Thus, plaintiffs sufficiently raise a triable question of material fact as to defendants’ alleged fraudulent misrepresentation, and, as to the decedent’s reliance upon such misrepresentation; summary judgment on plaintiffs’ negligent misrepresentation claim is denied.

On the Plaintiffs’ Failure to Warn and Fraudulent Concealment Claims:

A claim for fraudulent concealment is predicated on concealment of a material fact, not readily available to the plaintiff, scienter, justifiable reliance, and injury. There can be no fraudulent concealment claim based upon information which is common knowledge. Similarly, a manufacturer has no duty to warn a consumer of risks of a product which are ordinarily discoverable.

Clearly, a triable issue exists as to whether the actual health risks of cigarette smoking were common knowledge to the decedent during the time that she smoked cigarettes. While information surrounding health-related issues and cigarettes have always been a contentious issue for the tobacco industry, a review of the record, which includes several Surgeon General reports, recent newspaper articles about the recent increase of nicotine in cigarettes, new information on light cigarettes, testimony from the decedent’s family members, and statements by representatives of the tobacco industry reveal that a reasonable jury may differ as to the availability of information to the ordinary consumer. While the overall dangers of cigarette smoking have come to be more widely disseminated, due the mandated warnings that now appear on cigarette packs after the decedent started smoking, a reasonable jury may differ as to consumers’ awareness of smoking’s related injuries, illnesses and later death.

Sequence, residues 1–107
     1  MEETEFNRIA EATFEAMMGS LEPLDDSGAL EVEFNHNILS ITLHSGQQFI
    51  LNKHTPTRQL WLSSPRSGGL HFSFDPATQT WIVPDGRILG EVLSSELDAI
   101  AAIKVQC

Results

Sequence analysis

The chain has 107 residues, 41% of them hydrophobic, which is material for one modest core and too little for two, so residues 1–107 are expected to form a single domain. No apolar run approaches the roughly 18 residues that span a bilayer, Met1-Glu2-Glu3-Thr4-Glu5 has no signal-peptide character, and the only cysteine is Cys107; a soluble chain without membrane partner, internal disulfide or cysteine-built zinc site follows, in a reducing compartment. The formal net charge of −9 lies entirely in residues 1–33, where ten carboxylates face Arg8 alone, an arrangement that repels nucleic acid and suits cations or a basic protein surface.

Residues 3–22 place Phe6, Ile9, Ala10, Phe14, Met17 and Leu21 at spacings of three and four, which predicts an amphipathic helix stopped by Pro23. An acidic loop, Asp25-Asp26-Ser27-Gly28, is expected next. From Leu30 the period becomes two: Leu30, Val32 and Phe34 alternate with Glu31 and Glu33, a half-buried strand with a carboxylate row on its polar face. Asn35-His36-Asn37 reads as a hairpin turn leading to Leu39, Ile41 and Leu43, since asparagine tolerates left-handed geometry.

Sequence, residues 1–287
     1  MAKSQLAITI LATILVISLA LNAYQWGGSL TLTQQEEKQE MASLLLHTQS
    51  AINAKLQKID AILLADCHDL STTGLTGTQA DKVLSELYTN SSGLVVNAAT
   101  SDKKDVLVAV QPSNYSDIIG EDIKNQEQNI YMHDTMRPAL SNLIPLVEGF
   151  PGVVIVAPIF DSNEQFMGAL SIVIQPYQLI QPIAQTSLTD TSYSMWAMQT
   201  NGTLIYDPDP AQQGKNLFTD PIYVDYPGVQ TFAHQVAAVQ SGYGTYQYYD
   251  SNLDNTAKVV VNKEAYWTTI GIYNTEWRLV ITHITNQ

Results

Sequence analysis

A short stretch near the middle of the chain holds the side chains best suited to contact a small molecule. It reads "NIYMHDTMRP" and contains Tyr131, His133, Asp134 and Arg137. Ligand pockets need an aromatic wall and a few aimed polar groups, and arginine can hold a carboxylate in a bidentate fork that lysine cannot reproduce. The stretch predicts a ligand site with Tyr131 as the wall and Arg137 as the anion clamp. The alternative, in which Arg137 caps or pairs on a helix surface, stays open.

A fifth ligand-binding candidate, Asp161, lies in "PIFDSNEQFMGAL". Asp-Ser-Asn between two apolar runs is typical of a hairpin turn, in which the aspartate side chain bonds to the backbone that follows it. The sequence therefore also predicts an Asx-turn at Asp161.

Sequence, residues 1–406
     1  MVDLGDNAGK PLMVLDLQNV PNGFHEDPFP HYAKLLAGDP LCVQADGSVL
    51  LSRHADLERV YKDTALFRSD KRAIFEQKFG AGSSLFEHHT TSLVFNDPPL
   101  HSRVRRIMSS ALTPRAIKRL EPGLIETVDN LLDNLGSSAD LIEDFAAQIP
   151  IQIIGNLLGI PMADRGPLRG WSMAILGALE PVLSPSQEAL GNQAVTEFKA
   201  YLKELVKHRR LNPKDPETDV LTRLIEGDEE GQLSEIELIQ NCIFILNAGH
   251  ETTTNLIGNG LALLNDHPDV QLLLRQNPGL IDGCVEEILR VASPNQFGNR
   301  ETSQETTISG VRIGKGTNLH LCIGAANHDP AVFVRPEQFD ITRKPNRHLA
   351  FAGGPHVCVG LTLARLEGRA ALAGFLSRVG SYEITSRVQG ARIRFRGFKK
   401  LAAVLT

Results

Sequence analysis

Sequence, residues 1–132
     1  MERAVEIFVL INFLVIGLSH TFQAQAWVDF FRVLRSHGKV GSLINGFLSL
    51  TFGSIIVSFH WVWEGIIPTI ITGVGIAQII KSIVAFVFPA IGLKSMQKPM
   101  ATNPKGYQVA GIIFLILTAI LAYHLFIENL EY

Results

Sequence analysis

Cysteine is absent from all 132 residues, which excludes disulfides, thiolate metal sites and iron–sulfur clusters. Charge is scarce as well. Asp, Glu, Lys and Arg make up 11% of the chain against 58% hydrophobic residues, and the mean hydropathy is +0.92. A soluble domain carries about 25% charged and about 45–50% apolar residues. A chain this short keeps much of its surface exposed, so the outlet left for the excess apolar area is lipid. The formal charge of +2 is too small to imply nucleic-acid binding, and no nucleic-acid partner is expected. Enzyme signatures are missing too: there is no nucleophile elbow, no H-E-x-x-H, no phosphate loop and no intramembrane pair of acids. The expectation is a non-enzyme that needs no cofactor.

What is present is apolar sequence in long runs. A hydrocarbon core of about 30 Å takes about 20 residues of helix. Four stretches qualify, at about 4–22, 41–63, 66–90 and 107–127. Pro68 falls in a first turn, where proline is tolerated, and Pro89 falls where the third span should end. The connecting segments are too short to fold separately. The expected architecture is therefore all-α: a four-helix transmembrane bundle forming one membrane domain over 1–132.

Thus, defendants’ motion for summary judgment on plaintiffs’ failure to warn claim is denied.
On the Fraudulent Concealment Claims and Negligent Misrepresentation Post-July 1969 Based Upon Preemption:

Plaintiffs do not dispute that all claims for failure to warn that accrued subsequent to 1969 are preempted as to all defendants, based upon the Federal Cigarette Labeling and Advertising Act. However, the Act does not preempt fraudulent concealment claims.

New York courts have similarly focused on a two-fold analysis to determine whether fraudulent concealment claims should be preempted: the extent of the manufacturer’s legal duty imposed by New York State to disclose material facts regarding smoking and health and whether the channels of communications involve means other than advertising or promotion. New York imposes a duty not to conceal material facts with intent to defraud.

Thus, the court denies defendants’ motion for summary judgment to dismiss the causes of action for fraudulent concealment and negligent misrepresentation occurring after 1969 to the extent that the motion is based on a common law duty imposed on the defendants to disclose the allegedly concealed material facts through channels of communication other than advertising or promotion.

On Plaintiffs’ Alternative Theories of Liability: